To look at the 7-inch Kindle Fire HDX
third-generation tablet to bear the Fire moniker, you wouldn't know
much has changed.
Yes, it's a little thinner, a little lighter, and a little
easier to grip than its predecessor, the Fire HD, but physically
they're almost dead ringers.
Look a little closer, though, both inside and out, and you'll
find lots of small improvements that add up to a great overall
For starters, the HDX (which Amazon sent me for review) solves
several embarrassing design flaws that still annoy me about the HD.
First, the volume and power buttons are no longer side-by-side and
flush-mounted into one edge of the tablet, where they were almost
impossible to find just by touch and annoyingly difficult to
Now, they're larger and located at the rear, though
unfortunately at opposite ends. And although you can find them by
touch, that's still a little harder than it should be.
Another welcome fix: no more side-by-side ports. On the Fire
HD, you could barely distinguish between the microUSB port used for
power and the nearly identical microHDMI port used for connecting
the tablet to a TV. On the HDX, the latter port is gone (though you
can still sling content to your TV thanks to Amazon's new wireless
Second Screen technology, which is coming soon). Problem
With the HDX, Amazon can (for the moment) tout a much faster
processor and higher screen resolution than the iPad Mini, which
costs $100 more. The former's 2.2GHz quad-core processor makes
everything silky-smooth, while the 1,920 x 1,200-pixel screen
produces razor-sharp images.
That said, I consider all this overkill in a 7-inch tablet. In
everyday use, the HDX seems no faster than the HD, books and movies
no sharper. I don't think those features alone are worth buying the
tablet, and certainly don't make the case for upgrading.
However, Amazon has baked in so much other good stuff that
you'll find yourself coveting this model even if you do already own
an HD. I'm not going to cover everything, which would take forever,
but I will tell you which extras really stand out.
First, the HDX promises better battery life: 11 hours of
"mixed" use and up to 17 if all you're doing is reading (in which
case the tablet switches off various power-consuming
Second, your Amazon Prime subscription (still $79 annually)
now lets you download some movies and TV shows for offline viewing,
a great perk for frequent travelers. The only rub: Not all movies
and TV shows can be downloaded. Indeed, the first few I tried
(including "The Natural" and "Duck Dynasty") were not. But lots of
good stuff is, including "Downton Abbey" and "The Good Wife."
Finally, I'm thoroughly intrigued by Mayday, the free
tech-support service that works on the device. When you tap
the Mayday icon, you're quickly connected to a live remote tech who
can see your screen and whose visage appears in a small window.
(They don't see you, however, though it's hard to wrap your brain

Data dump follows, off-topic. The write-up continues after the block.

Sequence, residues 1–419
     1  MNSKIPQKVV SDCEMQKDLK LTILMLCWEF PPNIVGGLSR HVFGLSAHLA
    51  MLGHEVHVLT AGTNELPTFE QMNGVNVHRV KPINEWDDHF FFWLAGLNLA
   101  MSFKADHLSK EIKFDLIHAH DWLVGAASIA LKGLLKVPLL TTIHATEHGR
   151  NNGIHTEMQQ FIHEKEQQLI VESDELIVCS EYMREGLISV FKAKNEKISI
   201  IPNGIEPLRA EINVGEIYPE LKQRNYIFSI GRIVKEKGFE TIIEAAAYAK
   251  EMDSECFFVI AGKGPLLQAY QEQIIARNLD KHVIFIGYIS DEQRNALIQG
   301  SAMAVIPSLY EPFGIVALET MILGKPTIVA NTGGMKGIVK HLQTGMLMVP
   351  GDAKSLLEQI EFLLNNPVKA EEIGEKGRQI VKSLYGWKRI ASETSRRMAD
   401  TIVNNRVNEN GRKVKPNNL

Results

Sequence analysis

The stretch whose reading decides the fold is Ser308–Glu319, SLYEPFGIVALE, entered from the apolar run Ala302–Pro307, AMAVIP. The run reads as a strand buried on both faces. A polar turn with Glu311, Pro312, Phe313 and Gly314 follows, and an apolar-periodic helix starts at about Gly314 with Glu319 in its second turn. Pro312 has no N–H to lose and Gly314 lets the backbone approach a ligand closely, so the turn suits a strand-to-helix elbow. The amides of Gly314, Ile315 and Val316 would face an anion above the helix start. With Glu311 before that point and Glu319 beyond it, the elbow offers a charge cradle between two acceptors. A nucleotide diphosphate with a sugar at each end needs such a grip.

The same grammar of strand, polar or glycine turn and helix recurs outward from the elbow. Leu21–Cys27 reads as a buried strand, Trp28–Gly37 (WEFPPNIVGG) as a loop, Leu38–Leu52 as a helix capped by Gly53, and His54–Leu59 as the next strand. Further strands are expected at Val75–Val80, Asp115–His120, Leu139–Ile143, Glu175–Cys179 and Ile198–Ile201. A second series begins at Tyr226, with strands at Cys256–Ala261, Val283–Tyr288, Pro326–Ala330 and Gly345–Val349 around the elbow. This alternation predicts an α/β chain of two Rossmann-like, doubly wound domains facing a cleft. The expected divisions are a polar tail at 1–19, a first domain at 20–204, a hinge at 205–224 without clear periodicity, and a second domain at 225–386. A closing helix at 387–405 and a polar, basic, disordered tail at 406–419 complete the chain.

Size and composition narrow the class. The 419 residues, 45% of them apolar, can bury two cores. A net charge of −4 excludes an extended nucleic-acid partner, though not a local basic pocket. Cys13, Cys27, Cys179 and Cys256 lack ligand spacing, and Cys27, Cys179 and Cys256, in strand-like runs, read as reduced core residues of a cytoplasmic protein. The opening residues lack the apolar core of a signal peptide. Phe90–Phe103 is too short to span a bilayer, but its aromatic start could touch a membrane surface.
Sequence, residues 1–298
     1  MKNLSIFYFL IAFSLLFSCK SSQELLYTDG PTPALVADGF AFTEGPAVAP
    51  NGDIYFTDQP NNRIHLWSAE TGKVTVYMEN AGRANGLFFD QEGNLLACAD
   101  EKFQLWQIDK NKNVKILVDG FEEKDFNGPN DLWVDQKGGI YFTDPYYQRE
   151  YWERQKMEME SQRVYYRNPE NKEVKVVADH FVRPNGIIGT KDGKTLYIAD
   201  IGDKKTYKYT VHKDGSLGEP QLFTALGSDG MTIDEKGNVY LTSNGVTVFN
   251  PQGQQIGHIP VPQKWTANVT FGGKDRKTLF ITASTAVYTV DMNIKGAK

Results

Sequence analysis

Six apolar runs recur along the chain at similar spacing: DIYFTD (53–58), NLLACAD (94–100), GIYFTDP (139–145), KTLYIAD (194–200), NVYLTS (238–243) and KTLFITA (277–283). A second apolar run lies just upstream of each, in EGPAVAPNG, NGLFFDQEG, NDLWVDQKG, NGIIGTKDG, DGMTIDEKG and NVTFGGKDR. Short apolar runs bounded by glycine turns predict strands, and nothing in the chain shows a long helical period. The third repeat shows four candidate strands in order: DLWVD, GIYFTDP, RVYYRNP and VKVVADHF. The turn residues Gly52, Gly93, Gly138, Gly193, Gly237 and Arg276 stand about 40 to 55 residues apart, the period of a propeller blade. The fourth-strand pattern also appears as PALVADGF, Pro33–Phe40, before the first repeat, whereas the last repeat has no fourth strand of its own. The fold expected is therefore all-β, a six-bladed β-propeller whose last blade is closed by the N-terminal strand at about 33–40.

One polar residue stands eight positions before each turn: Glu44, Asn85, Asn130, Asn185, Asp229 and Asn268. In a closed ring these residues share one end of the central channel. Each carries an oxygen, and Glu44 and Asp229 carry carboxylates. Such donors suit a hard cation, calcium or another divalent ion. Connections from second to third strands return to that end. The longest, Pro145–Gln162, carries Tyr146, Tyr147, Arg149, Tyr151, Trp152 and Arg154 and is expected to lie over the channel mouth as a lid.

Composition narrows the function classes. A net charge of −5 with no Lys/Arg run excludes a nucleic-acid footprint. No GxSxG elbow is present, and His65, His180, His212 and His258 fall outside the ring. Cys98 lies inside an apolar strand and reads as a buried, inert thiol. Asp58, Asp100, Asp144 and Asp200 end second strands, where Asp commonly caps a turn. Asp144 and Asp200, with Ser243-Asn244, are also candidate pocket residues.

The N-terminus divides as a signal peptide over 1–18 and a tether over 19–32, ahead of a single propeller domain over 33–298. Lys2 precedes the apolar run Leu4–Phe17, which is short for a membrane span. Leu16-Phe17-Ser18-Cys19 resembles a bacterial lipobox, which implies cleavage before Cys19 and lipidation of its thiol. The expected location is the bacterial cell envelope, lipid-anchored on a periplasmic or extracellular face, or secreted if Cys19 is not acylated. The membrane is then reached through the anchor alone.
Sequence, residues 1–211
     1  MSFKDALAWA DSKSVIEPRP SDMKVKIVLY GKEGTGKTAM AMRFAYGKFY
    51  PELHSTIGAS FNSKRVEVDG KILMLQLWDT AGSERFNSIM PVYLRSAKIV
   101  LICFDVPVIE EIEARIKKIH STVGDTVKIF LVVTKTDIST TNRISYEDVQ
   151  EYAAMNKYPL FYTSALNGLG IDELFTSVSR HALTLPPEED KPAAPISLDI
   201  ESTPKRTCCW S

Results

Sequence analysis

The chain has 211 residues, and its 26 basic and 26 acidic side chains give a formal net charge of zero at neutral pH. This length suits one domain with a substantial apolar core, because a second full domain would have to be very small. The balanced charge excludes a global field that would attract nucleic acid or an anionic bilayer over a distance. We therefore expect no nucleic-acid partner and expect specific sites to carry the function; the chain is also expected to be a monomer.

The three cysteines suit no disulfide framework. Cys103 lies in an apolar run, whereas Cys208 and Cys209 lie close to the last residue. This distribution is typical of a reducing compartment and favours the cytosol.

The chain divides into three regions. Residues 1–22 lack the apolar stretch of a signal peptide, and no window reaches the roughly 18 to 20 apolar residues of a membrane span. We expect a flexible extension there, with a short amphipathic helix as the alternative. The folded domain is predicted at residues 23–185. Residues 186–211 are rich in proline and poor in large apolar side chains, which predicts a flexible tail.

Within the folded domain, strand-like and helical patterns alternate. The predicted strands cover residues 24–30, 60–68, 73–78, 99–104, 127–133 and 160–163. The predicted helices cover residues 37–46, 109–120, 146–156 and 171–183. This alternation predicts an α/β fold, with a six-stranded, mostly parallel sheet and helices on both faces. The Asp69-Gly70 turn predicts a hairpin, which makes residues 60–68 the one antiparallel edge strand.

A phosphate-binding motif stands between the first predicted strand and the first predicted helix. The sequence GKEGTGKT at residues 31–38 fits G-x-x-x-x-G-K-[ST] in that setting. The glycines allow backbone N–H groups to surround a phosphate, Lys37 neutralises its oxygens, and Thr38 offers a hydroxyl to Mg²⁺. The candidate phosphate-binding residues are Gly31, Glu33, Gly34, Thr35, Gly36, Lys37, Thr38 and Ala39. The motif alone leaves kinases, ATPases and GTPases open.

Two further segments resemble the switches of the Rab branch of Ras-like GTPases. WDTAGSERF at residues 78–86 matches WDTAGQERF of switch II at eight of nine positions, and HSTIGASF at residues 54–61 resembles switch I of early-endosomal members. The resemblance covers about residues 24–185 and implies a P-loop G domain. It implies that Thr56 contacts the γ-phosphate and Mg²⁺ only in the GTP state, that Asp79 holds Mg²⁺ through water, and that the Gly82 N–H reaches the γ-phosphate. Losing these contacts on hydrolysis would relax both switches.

around that fact.)
I tested this by asking where I could find the apps I'd just
downloaded, and the friendly, helpful tech walked me through the
(very simple) steps of finding them, complete with little onscreen
arrows and circles that popped up (and then disappeared) to
illustrate where I was supposed to tap.
This is nothing short of genius. If Microsoft adopted a
similar system for Windows 8, it would change the face of
computing. And the fact that this amazing support is included with
the price of the tablet makes it all the more incredible. I feel
like I could buy one of these for my parents and not have to worry
about non-stop tech-support calls. I'd simply tell them, "If you
run into trouble, tap Mayday."
The Fire HDX includes dual-band, dual-antenna Wi-Fi, which
promises faster downloading and streaming, fewer interruptions, and
better range. What's more, for $100 extra you can get the HDX with
built-in 4G LTE courtesy of AT&T or Verizon, an option
typically reserved for larger tablets. You won't get stuck with a
service contract, but you will have to pay for a data plan at
THE ULTIMATE ACCESSORY
My favorite new feature of all is Amazon's Origami case, which
uses magnets not only to hold its cover closed, but also to keep
the Kindle itself secured inside. Plus, the cover can fold
(Origami-style) to serve as a stand for both landscape and portrait
viewing, the latter my preference for reading. Even at a rather
pricey $44.99, it's a must-have
Amazon has also made a number of tweaks to the Kindle
operating system (now known as Fire OS 3.0), though I maintain it's
nowhere near as intuitive as, say, Apple's iOS. For example,
there's an option in the pull-down settings bar called Quiet Time,
but toggling it has no immediate effect. (Turns out it disables all
notifications, a nice little perk for uninterrupted reading.)
But, hey, if you get stuck, there's always Mayday.
The Kindle Fire HDX is without a doubt Amazon's best tablet to
date, and a fierce competitor to other 7-inch models--especially
for users who like to consume a lot of books, movies, TV shows,
games, photos, and other media.
Next month, Apple will almost certainly fire back with a
faster, higher-resolution iPad Mini. But it won't offer anywhere
near the Kindle's level of extras, and it'll almost certainly still
cost more. Save for a few minor annoyances, the HDX is the best
7-inch tablet you can buy right now.Veteran technology writer Rick Broida
is the author of numerous books, blogs, and features. He lends his
money-saving expertise to CNET and Savings.com, and also writes for PC